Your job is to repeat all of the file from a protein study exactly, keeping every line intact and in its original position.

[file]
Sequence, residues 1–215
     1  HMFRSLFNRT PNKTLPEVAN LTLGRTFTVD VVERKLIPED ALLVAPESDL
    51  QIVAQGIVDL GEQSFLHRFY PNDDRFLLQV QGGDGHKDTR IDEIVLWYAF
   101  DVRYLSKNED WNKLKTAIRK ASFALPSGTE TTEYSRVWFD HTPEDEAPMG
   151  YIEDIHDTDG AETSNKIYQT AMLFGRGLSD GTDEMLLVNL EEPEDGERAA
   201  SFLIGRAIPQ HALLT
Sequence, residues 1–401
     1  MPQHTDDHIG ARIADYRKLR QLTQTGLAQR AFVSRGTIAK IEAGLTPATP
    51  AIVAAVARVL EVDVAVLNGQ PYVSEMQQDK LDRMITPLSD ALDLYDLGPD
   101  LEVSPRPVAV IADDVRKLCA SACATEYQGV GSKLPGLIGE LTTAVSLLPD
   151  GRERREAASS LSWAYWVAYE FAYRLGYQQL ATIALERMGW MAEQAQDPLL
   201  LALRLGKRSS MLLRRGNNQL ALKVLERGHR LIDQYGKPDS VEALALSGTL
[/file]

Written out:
Sequence, residues 1–215
     1  HMFRSLFNRT PNKTLPEVAN LTLGRTFTVD VVERKLIPED ALLVAPESDL
    51  QIVAQGIVDL GEQSFLHRFY PNDDRFLLQV QGGDGHKDTR IDEIVLWYAF
   101  DVRYLSKNED WNKLKTAIRK ASFALPSGTE TTEYSRVWFD HTPEDEAPMG
   151  YIEDIHDTDG AETSNKIYQT AMLFGRGLSD GTDEMLLVNL EEPEDGERAA
   201  SFLIGRAIPQ HALLT
Sequence, residues 1–401
     1  MPQHTDDHIG ARIADYRKLR QLTQTGLAQR AFVSRGTIAK IEAGLTPATP
    51  AIVAAVARVL EVDVAVLNGQ PYVSEMQQDK LDRMITPLSD ALDLYDLGPD
   101  LEVSPRPVAV IADDVRKLCA SACATEYQGV GSKLPGLIGE LTTAVSLLPD
   151  GRERREAASS LSWAYWVAYE FAYRLGYQQL ATIALERMGW MAEQAQDPLL
   201  LALRLGKRSS MLLRRGNNQL ALKVLERGHR LIDQYGKPDS VEALALSGTL